Home  >  Features  >  Looking Back: Scots Kirk, Bombay

Looking Back

Image: archives-pic_cropped.jpg

Friday August 24 2018

Looking Back: The Scots Kirk, Bombay

Published in August 1938 as the two Scottish churches in what was then Bombay were united.


THOSE who know Bombay may stare at this heading uncomprehendingly. “St. Andrew’s we know,” they may say, “and St. Columba’s, but what is the Scots Kirk?” The answer is that it is the new congregation that has been formed out of the recent union of the two historic communions of St. Andrew’s and St. Columba’s.

Among the many changes that are taking place in India to-day, this one is of the happiest augury. It is really a reunion, for it marks the end of a division that has lasted almost a hundred years. The Disruption of 1843 disrupted the Church of Scotland in Bombay as well as at home, so that it was divided into the two congregations kept apart by the same strong convictions as kept the two sides of the Church apart in Scotland. But the same reconciling influences that made for the healing of the breach at home were at work in the great Indian city, and now we are able to report the final consummation of their wedding.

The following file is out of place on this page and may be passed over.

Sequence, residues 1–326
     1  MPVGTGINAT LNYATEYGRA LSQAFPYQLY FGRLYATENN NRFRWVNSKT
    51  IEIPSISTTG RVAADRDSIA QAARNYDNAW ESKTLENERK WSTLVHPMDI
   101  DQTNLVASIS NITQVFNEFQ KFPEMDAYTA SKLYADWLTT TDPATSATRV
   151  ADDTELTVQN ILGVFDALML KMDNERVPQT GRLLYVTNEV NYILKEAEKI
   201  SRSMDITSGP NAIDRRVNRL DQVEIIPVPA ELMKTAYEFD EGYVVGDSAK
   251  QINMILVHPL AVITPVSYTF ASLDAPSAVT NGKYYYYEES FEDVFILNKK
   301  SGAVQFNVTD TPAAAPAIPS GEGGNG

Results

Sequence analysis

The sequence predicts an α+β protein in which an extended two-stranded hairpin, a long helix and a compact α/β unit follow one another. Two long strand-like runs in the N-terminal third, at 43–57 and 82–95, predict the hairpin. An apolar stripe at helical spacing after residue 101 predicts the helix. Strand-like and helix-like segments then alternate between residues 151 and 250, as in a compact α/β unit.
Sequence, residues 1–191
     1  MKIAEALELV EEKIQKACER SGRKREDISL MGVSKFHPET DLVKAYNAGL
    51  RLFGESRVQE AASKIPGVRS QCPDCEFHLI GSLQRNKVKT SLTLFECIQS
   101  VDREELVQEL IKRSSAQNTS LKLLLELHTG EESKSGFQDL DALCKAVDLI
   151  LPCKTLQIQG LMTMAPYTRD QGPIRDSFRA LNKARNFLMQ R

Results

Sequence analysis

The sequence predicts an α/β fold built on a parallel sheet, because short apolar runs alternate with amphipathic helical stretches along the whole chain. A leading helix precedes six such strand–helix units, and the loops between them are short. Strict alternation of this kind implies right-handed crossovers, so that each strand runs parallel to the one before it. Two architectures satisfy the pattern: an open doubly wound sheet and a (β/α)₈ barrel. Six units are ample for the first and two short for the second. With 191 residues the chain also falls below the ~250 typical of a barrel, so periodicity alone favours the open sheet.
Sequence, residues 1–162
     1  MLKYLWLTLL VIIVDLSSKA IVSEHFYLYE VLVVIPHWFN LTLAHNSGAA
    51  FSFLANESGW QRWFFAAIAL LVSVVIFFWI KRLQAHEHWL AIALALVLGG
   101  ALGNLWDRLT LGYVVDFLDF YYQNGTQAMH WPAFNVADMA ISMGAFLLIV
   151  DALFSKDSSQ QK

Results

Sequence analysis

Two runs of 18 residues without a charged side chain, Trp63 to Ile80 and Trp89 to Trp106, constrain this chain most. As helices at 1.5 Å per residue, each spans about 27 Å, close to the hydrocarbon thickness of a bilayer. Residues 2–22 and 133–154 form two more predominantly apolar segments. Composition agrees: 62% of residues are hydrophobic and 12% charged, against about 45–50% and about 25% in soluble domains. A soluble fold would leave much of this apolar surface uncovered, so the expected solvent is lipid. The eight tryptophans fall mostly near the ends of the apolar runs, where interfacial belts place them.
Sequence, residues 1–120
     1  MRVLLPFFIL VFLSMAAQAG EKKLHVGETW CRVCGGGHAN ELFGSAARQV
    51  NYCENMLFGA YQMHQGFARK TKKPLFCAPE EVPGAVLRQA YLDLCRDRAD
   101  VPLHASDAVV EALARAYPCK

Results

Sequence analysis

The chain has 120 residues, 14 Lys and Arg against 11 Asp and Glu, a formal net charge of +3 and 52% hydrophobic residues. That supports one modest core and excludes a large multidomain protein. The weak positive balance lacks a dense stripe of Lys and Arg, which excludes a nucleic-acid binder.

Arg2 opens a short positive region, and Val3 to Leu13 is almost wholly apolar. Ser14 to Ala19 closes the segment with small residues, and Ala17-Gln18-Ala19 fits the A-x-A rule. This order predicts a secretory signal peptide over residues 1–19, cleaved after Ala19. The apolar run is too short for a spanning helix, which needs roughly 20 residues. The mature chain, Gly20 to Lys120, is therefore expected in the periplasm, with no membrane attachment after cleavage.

Full credit for the harmony that has characterised the negotiations for union must be allowed to all who participated in them, but specially to the ministers concerned – the Rev. W. E. Wilkie Brown, Rev. L. MacEdward, and Rev. J. Yule Rennie. On the retirement of Mr. Wilkie Brown, the minister of St. Columba’s, the key position was left in the charge of Mr. Yule Rennie. What followed was a marked tribute to him. Unanimously and unhesitatingly, the whole Presbyterian Scottish community designated him as the minister under whom they were prepared confidently and unreservedly to unite in one Christian fellowship. So the Scots Kirk, Bombay, was formed and Mr. Yule Rennie inducted to the united charge on 12th June.

Mr Yule Rennie is a chaplain of the Indian Ecclesiastical Establishment. Wherever he has served he has won golden opinions. His ministry in Karachi was specially memorable; and when, encouraged by the Viceroy and other leading personalities in India, the Colonial Mission made the experiment of forming a cold-weather congregation in Delhi, much of the success of the experiment was due to Mr. Yule Rennie, who was chosen to conduct it.

The Scots Kirk, Bombay, is therefore launched on its career with a tried and trusted minister in charge, and the enthusiasm of its beginnings augurs well for the future in store for it.

The Scots Church in what is now Mumbai is now part of the Church of North India, formed in 1970 from the union of Anglican, Presbyterian, Congregationalist, Baptist, Methodist and other denominations. In 2015, the Scots Church celebrated its bicentenary.

The Rev John Yule Rennie was appointed superintendent of St Andrew’s Colonial Homes in Kalimpong in 1942, before returning to Scotland, serving as minister at Fowlis Wester Church in the then Presbytery of Auchterarder from 1945-1953.

Previous: Scottish Navvy Mission

Looking Back Menu